As an increasing number of people achieve billionaire status, they are finding it harder to unearth new ways to entertain friends and family. Which is why business is booming for Justin King’s Blue International Talent.
Blue sets out to supply an inconspicuous route to conspicuous consumption by booking stars to provide entertainment on luxury yachts moored out at sea. It’s not a cheap exercise for clients, who can expect to pay a total of $5 million to charter a yacht and get a superstar to perform on it.
And there is a golden rule: you don’t mess with the boat
But King says: “The demand for our shows is increasing, and it held steady during the financial crisis. We are currently staging a hundred events a year.”
The stars are happy to co-operate to top up their spending money, now that receipts from recorded music have dropped away. David Guetta once performed his DJ set in front of 100,000 people until midnight and he was happy to be flown across the Adriatic to perform for a wealthy family at three in the morning.
Yachts which are 30 to 40 metres in length can accommodate an intimate performance for a base price of $100,000. Larger shows would require 80 to 100 metres which would cost $1 million a week. “A helipad is a good performance space,” says King. One of the largest boats available is the Flying Fox, whose 136 metres costs $2.5 million a week.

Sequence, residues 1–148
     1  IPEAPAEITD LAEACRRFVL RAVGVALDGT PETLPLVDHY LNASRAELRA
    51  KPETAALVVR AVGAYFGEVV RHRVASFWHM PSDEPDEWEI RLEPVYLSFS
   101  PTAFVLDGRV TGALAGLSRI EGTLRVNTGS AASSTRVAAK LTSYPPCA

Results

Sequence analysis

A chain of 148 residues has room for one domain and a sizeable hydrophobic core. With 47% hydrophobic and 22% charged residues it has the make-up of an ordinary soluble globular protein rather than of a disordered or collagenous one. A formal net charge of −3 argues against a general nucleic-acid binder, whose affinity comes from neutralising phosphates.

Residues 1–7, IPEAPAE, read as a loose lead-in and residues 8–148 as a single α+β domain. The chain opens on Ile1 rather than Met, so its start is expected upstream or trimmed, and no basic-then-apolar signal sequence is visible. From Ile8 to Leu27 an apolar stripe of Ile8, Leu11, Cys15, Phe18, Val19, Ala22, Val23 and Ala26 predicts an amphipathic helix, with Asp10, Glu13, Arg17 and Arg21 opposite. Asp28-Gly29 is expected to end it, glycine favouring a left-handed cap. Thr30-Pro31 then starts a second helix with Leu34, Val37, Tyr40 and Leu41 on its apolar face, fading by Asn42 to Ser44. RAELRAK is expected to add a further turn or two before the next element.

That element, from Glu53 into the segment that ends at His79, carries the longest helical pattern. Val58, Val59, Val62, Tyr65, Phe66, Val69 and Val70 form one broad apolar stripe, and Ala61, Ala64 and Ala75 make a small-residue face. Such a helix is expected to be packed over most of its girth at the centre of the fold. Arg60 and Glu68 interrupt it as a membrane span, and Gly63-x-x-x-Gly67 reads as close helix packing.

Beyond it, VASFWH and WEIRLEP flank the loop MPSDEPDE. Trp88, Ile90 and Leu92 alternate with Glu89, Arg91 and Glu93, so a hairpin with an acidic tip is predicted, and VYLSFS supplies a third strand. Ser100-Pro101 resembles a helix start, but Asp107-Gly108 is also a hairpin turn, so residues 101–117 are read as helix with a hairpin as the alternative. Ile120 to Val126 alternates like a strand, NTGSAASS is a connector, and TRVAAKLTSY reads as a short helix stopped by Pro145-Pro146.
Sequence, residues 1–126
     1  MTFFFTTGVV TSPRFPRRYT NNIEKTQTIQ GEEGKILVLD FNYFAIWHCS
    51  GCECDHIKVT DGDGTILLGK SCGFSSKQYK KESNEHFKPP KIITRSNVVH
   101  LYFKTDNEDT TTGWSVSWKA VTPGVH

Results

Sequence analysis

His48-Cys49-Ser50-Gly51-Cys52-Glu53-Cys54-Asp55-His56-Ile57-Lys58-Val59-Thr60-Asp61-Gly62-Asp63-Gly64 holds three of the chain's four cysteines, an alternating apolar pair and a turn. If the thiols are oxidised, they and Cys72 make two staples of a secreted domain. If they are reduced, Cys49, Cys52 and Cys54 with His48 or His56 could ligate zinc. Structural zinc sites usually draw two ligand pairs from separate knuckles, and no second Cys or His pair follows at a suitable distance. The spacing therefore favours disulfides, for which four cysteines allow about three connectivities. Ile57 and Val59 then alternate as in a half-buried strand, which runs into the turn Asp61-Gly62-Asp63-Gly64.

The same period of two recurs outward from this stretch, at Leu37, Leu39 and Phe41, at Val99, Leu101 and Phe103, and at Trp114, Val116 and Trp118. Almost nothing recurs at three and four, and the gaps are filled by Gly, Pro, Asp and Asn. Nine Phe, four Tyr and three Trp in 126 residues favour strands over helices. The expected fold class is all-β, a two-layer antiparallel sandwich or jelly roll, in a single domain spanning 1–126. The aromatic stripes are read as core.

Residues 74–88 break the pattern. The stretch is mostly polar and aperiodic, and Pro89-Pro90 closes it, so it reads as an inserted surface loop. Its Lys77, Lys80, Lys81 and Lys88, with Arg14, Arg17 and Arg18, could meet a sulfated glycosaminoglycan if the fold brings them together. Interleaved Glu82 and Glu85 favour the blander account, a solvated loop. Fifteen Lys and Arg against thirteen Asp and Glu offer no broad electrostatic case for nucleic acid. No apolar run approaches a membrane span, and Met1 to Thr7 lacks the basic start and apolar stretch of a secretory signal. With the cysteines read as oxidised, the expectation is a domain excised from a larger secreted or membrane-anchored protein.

King stresses that Blue does not charter yachts, although he can put families in touch with the right people. It comes into its own in booking acts and producing their shows.
Prices for acts vary. Beyoncé, Drake, Coldplay and Rolling Stones could each cost $4 million. Rod Stewart, Elton John and Neil Diamond could cost $2 million. If an act is required at short notice, prices could double.
If a convenient gap appeared in a schedule, a cheaper deal would be possible. A support act could cost a further $100,000 and stars might expect a few of their own friends to be flown in, as well.
Putting together shows can be complicated, not least because you only get four hours to move a set on board: “If a rock guitarist decides not to travel with his 1960s amp, you have to find him one. If the boat doesn’t supply enough power you have to add more.” Stars need to be happy they can put together a show.
And there is a golden rule: you don’t mess with the boat.
King has built the business on the back of his contacts forged since his days as a record producer to some of the world’s 1990s Big Beat electronic rave acts, such as the Crystal Method, Prodigy and Chemical Brothers. His co-founder Dan Pamment used to be an international marketing manager at Sir Richard Branson’s V2 record label.
They have found that stars have become increasingly interested in taking part as a result of the plunge in record sales, following by music’s move online, although King points out returns as rising again, as streaming catches on. He sees less prospect for a revival of guitar-based rock: “The kids don’t want to learn it.”
More often than not, stars are happy to mix with wealthy people attending a show, or even talk business with them. Blue and its sister company Maven Odyssey, an organiser of events on land, keep close track of the movement of their acts. This helps with bookings, or last-minute substitutions, which are quite rare.
King says: “The stars know the game: they also have a reputation to protect.”